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Op-Ed: Ann Coulter's Swan Song
Daniel Borchers - Guest columnist
Published: Wednesday March 18, 2009


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Conservative critic on why Coulter can't, won't write new book

In a BookTV interview postponed from February and airing last weekend, author Ann Coulter said that she will probably stop writing books, citing increasing taxes on the rich by the Obama administration.

Reading between the lines, and in light of greatly diminished book sales for Coulter over recent years, one can conclude two things. First, Coulter’s essays will continue unabated even as her involvement in politically-oriented projects (e.g., media campaigns, DVDs, etc.) increases. After all, her last book, Guilty, was published three months late – and still rushed to press for a pre-inaugural release – because of Coulter’s involvement in a series of video projects in 2008.

The second thing which can be gleaned from Coulter’s surprise announcement is that writing and publishing another book has become both a daunting and a dangerous task for her.

Daunting? Writing all new material – different from her syndicated column – has proven a challenge for Coulter. Slander (2002) and Treason (2003) drew heavily from previously published materials. How to Talk to a Liberal (2004) was a collection. Godless (2006) was released over 2 ½ years after Treason. If Democrats Had Any Brains (2007) was another collection. Guilty (2009) was released over 2 ½ years after Godless. Presumably any future book of original writing would be released in 2011, at the earliest.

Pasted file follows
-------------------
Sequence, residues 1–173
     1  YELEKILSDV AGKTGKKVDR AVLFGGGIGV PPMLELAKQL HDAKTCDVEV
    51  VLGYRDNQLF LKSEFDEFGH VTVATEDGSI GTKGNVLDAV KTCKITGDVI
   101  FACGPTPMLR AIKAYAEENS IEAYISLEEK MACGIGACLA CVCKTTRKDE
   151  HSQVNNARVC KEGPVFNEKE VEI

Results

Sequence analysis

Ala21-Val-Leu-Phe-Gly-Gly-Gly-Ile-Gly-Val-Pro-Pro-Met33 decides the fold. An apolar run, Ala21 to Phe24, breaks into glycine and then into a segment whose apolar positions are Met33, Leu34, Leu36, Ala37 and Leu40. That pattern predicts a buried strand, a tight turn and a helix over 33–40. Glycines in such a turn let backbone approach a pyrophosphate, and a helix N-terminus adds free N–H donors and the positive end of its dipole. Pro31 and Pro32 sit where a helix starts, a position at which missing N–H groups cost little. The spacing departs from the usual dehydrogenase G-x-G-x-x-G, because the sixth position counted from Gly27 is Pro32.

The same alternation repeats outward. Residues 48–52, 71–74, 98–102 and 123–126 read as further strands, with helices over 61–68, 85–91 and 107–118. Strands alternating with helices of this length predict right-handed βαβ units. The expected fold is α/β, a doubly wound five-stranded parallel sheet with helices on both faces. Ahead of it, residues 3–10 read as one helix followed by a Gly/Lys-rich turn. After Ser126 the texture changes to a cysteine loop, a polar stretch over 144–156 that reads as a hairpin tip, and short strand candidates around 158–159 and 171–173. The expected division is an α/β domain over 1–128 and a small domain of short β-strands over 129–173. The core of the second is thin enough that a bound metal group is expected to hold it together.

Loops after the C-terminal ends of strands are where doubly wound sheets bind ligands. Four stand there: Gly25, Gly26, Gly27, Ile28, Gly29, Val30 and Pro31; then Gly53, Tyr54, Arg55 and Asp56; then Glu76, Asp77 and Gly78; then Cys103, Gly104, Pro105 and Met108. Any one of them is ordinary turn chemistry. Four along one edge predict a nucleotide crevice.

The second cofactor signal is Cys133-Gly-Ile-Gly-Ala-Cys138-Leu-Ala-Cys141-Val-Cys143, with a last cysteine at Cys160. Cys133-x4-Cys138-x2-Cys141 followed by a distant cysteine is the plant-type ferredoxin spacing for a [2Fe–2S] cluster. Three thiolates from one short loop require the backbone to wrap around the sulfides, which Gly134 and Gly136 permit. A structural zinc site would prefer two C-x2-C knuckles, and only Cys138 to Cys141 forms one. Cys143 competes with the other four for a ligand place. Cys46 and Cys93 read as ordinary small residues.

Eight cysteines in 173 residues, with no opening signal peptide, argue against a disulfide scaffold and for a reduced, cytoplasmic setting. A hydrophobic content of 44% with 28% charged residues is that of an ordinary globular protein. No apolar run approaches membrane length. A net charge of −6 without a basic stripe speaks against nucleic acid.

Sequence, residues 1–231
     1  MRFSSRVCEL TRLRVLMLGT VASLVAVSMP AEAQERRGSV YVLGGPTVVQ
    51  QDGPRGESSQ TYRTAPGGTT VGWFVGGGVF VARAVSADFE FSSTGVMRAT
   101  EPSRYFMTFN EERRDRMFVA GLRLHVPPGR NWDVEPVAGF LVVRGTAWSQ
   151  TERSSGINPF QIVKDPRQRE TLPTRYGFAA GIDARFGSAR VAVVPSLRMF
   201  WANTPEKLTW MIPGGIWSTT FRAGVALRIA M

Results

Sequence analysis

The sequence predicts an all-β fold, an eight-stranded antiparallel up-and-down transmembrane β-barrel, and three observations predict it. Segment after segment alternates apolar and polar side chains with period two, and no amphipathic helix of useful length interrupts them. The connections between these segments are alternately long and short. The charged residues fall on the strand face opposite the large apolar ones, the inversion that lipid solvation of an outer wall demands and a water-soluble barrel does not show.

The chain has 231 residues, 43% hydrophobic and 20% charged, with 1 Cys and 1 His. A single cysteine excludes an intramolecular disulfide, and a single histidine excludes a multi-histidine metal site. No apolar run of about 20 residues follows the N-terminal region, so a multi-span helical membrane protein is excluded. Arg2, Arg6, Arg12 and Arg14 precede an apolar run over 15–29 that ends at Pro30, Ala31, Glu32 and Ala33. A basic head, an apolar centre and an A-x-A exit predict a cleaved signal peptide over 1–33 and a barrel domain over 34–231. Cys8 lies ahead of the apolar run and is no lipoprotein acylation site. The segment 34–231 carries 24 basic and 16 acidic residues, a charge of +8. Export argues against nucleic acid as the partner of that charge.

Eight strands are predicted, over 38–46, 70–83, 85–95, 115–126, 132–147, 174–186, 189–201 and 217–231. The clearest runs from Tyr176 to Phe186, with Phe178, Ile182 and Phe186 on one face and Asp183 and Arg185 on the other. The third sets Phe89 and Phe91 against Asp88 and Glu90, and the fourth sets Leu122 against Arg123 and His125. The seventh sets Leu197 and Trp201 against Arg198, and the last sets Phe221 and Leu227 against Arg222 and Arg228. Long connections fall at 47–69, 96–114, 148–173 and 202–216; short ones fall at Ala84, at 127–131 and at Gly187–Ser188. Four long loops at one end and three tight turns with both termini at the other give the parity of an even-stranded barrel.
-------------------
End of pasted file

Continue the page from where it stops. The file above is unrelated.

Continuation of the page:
Meeting deadlines has always been a challenge for Coulter, who tends to take on more things than she can handle and who, as a last-born, has a tendency towards irresponsibility. Sticking to the regimen of producing a new book amidst the many opportunities afforded her in new and exciting projects would in itself pose a dilemma for Conservatism’s diva.

Dangerous? Despite bulk sales, Coulter’s last two books did not hit the best seller list until after contrived controversies boosted her sales.

With dramatically diminished book sales and the distinct possibility of her next book not being a bestseller, Coulter is already providing preemptive rationalizations to preclude speculation into why there will be no “New Ann Coulter” book. According to her own paradigm, this would constitute failure – something most feared by this conservative heroine. Moreover, as Coulter approaches fifty, the Age Factor will roundly replace the Babe Factor in impacting future sales. Coulter is keenly aware of those dynamics.

What, then, can we expect from Coulter in coming years? Sporadic controversies thrusting Coulter into the limelight. A continuing mixture of keen insights and polemical ad hominem attacks in Coulter’s commentary. And an expanded presence on college campuses to tap into the youthful zeal of college conservatives and reap the rapturous praise they provide this pundette who seeks self-glory above all else.

(Daniel Borchers, a conservative, has been a longtime vocal critic of Coulter's work at the CoulterWatch website. Disenchanted by the hypocrisy and corruption which have invaded the Conservative Movement, Mr. Borchers founded Citizens for Principled Conservatism in the fall of 2001. In his role as Executive Director of CPC, Mr. Borchers seeks to reinvigorate principles and ideals within the Conservative Movement and he views the extremist elements within that Movement as both dangerous and self-destructive.).


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